The EarlySense System can integrate with a variety of mobile / convenient notification devices, such as the Vocera Badge, Spectralink and Cisco phones. Please consult with an EarlySense Representative when considering integration.
The alarm frequency with the EarlySense System is 2.2 on average per nurse in a typical 12-hour shift when caring for 5 patients. This is based on the outcome from a study which was completed about EarlySense’s alarm frequency and patient outcomes. This is also consistent with what our user sites have reported. In comparison, devices that have been designed and intended for acute care environments can reach hundreds of alarms on a per-shift basis.
In a recently published study in the American Journal of Medicine, researchers showed improvements in patient outcomes. The study included more than 7,600 patients. The published results showed decrease in Code Blue events by 86%, overall ICU days for patients coming from Med-Surg decreased by over 45% and the overall length of stay decreased by 9% .
These types of results have also been reported by other users of the EarlySense System and presented in several scientific conferences (e.g. AGS, 2013, AONE, 2013). Along with these formally published study results, there are dozens of actual patient case studies, which show that the early warning provided to caregivers by the EarlySense System, helped save patients from potential injury and clinical deterioration. 1http://www.ncbi.nlm.nih.gov/pubmed/24717454
In addition, an economic return on investment model developed by researchers from Harvard University Medical School and published in the Journal of the Society of Critical Care Medicine, April 2014, shows that the implementation of the EarlySense monitoring system was associated with a highly positive return of investment with a breakeven point achieved within 6-9 months: http://www.ncbi.nlm.nih.gov/pubmed/24717454.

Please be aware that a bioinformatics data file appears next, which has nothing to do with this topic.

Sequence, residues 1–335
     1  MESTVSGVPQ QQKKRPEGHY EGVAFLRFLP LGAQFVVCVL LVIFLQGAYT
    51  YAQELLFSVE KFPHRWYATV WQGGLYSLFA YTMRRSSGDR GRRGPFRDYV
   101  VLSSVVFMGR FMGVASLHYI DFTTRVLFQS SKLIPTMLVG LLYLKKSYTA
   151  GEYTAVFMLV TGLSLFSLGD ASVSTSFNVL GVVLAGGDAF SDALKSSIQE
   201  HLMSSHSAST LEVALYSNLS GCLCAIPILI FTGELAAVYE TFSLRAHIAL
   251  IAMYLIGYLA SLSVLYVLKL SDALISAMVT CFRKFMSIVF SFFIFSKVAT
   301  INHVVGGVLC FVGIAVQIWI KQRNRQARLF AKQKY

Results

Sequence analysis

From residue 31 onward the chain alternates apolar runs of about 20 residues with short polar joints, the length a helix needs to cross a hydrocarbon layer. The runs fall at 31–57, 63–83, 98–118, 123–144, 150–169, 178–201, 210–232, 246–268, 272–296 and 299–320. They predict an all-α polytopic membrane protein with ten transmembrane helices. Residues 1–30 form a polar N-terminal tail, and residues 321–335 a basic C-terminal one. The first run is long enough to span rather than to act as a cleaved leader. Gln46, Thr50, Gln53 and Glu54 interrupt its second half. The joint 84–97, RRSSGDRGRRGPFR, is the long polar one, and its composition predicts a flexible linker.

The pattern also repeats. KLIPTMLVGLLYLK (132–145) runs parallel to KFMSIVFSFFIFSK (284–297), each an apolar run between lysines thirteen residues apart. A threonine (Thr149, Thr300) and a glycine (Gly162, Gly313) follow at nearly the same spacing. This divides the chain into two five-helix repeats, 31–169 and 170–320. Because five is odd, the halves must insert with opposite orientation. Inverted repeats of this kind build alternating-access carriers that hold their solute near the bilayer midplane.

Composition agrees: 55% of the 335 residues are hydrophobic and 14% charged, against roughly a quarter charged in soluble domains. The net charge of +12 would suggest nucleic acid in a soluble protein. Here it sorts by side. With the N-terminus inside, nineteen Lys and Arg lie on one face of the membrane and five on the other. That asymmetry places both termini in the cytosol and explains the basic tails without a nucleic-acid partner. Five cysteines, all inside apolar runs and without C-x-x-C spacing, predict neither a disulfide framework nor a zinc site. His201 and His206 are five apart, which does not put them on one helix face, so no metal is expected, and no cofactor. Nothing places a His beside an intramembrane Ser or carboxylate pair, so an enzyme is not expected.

HR Accuracy: +/- 10% or 5 BPM, whichever is greater (compared to EKG). RR Accuracy: +/- 10% or 2 Br/min, whichever is greater (respiratory belts and end -tidal Co2).
The sensor is not a disposable item and only requires to be replaced once a year. The sensor is placed under the mattress with no direct contact with the patient.
The EarlySense system has successfully monitored patients with many different types of passive and active mattresses. Prior to installation, on-site testing is performed on the different mattress types utilized by a facility to ensure proper performance of the system.
The EarlySense System integrates with hospital information systems and medical dashboards.
The interface and integration are done through a Gateway computer to the hospitals EMR network via HL7, XML, or Cerner iBus protocol. Additionally, the system is compatible with ADT and Alerting IT Systems. EarlySense is also Cerner Certified.
EarlySense is used commonly within med/surg, oncology, orthopedics, isolation, and post-partum departments, as well as in skilled nursing facilities, long-term acute care and rehabilitation centers.
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1Brown, HV & Zimlichman, E, Improved Outcomes and Reduced Costs with Contact-free Continuous Patient Monitoring on a Medical-Surgical Hospital Unit. 2010
2Brown, HV et al, The American Journal of Medicine. 2014; 127: 226-232